Indeed, we are the head and the heart of our families, and we need to act like it. We need to function in such a way that, through our relationship, our children see tangible expressions of the fruits of the spirit.
Love. Joy. Peace. Patience. Kindness. Goodness. Faithfulness. Gentleness. And self-control.
It’s a tall order. But there are some things we can do as “preventive medicine,” to increase the quality of our physical, spiritual, and emotional oneness as married people. These practices will allow us to enjoy the fulness of God’s design for our marriages and bless our children all at the same time, even in the throws of the most challenging parenting years. And they will help us keep our marriage the priority in our families.
There are countless ideas we could include on this list, but Kory and I put our heads together, and this is our Top Eleven:
1. Pray together and for one another.
2. Schedule standing date nights every week if possible.
3. Practice “couch time.” (This is a concept we learned during a parenting class years ago. It involves 15 minutes of conversation between husband and wife at the beginning or end of the day in front of, but not including, the children. This serves as a tangible reminder that mom and dad’s relationship is the priority relationship in the home.)
4. Get out of town together, even if just for one or two nights, and even if just for an inexpensive road trip.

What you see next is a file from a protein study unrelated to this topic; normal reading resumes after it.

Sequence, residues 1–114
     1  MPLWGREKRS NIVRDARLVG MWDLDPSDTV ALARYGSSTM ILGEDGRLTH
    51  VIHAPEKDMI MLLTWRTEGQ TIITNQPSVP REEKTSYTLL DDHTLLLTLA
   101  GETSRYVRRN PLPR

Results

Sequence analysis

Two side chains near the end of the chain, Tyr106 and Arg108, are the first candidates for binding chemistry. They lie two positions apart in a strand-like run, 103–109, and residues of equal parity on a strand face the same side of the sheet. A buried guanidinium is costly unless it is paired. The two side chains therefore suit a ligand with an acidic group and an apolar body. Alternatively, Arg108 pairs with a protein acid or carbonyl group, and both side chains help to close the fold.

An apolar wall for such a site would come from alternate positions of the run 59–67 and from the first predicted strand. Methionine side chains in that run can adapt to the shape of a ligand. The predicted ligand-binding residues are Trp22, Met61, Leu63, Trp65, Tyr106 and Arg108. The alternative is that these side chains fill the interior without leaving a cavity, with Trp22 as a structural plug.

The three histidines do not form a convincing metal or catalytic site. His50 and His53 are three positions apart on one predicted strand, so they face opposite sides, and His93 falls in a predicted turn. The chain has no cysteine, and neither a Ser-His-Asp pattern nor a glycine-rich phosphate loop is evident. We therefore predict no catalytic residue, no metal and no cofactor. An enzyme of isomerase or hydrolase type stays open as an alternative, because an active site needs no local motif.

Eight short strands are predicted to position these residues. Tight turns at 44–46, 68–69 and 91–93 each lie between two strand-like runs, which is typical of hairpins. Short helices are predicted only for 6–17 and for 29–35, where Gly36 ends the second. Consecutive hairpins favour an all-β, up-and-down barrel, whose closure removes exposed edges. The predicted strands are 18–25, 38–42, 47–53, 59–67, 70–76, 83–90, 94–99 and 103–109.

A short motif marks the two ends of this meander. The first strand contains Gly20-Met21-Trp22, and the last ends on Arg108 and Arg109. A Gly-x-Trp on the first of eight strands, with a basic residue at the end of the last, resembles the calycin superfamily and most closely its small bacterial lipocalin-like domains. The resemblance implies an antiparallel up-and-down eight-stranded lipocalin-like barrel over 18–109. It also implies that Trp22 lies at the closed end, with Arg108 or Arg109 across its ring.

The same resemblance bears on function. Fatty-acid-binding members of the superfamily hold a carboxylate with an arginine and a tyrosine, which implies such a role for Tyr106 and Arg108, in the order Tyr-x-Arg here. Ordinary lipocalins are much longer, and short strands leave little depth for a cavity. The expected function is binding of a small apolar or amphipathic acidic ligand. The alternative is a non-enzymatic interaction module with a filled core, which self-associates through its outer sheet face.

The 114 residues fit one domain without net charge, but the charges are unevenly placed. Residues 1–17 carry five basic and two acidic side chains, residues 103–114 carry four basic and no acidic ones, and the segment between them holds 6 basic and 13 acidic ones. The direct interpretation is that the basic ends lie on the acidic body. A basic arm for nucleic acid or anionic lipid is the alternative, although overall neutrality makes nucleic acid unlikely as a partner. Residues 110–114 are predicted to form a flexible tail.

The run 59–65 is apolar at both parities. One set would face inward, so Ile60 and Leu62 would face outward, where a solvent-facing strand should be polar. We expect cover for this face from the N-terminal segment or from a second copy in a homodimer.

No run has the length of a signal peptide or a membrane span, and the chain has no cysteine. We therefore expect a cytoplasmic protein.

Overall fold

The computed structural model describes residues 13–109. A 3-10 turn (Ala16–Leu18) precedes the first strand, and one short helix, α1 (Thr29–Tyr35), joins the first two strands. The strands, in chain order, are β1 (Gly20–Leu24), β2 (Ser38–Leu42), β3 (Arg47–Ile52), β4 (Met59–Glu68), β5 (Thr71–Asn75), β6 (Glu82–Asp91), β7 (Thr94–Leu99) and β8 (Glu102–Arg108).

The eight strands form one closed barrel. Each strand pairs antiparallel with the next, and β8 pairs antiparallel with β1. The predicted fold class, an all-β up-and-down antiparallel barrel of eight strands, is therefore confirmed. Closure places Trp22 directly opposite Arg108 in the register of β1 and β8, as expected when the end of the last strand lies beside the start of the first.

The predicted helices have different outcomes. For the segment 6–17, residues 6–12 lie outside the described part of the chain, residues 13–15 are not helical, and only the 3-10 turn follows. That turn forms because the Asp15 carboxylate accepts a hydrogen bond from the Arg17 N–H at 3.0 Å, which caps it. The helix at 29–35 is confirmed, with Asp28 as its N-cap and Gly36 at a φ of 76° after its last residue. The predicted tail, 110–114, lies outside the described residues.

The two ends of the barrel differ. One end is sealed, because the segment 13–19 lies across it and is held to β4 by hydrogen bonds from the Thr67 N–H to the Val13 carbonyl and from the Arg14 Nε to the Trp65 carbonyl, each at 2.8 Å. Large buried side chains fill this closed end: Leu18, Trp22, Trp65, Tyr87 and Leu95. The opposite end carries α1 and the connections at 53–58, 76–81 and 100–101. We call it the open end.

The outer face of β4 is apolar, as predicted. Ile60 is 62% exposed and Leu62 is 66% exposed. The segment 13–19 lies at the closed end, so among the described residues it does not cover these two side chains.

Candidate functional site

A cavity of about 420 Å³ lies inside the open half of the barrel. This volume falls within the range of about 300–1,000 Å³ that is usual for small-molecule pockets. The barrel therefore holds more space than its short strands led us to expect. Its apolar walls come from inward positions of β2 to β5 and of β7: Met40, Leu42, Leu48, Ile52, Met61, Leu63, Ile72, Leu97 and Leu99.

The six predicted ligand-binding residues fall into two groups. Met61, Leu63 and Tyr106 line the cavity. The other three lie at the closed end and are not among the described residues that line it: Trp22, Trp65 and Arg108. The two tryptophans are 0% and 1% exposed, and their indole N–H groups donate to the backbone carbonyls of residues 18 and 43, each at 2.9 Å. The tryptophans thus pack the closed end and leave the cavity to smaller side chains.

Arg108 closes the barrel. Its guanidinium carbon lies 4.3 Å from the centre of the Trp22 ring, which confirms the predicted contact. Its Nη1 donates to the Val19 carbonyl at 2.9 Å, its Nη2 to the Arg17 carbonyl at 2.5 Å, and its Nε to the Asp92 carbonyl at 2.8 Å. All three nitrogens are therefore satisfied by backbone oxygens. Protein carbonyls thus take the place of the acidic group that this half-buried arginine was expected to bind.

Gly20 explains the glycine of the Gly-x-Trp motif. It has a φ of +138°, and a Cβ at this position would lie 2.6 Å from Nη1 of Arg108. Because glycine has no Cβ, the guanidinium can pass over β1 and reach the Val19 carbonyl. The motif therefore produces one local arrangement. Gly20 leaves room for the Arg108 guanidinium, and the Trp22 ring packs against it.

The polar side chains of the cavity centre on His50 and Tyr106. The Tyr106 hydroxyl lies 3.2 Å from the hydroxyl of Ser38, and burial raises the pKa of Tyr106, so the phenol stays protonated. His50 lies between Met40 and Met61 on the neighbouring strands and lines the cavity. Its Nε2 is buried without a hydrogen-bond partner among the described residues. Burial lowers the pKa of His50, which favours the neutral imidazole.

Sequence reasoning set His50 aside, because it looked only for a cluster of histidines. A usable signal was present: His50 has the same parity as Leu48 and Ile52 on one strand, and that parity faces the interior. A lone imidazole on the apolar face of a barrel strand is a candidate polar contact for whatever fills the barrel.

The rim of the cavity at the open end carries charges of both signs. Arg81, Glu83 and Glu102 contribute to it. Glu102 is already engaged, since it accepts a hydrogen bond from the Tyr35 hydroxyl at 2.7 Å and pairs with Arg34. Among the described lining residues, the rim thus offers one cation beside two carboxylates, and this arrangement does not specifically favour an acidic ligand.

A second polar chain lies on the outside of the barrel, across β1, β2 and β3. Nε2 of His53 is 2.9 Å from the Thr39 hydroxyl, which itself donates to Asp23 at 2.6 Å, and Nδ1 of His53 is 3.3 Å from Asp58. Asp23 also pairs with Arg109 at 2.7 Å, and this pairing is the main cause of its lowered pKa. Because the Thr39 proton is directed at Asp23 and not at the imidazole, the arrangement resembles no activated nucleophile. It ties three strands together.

5. Worship together.
6. Join a couples Sunday School class or Bible study.
7. Go to a marriage enrichment seminar or retreat once every 3 to 5 years.
8. See a counselor 1 to 2 times a year whether you “need” to or not.
9. Read marriage books together.
10. Find a hobby to share.
11. Spend time with other couples who share similar values.
There is no doubt that if we truly love our children, we will commit to make our marriage relationship a priority.
Our children need to see us enjoy each other’s company, show affection to each other, laugh together, and do things together. And when we do have disagreements, our children should observe us resolve those conflicts in a healthy way that demonstrates the love and grace of Jesus Christ.
If we do this, our children will be richly blessed.
Do you want to be the parent of your kids’ dreams? Then love your spouse well.
“So God created mankind in his own image, in the image of God he created them; male and female he created them. God blessed them and said to them, “Be fruitful and increase in number; fill the earth and subdue it. Rule over the fish in the sea and the birds in the sky and over every living creature that moves on the ground.” Then God said, “I give you every seed-bearing plant on the face of the whole earth and every tree that has fruit with seed in it. They will be yours for food. And to all the beasts of the earth and all the birds in the sky and all the creatures that move along the ground—everything that has the breath of life in it—I give every green plant for food.” And it was so. God saw all that he had made, and it was very good. And there was evening, and there was morning—the sixth day.”
Genesis 1:27-31 (emphasis added).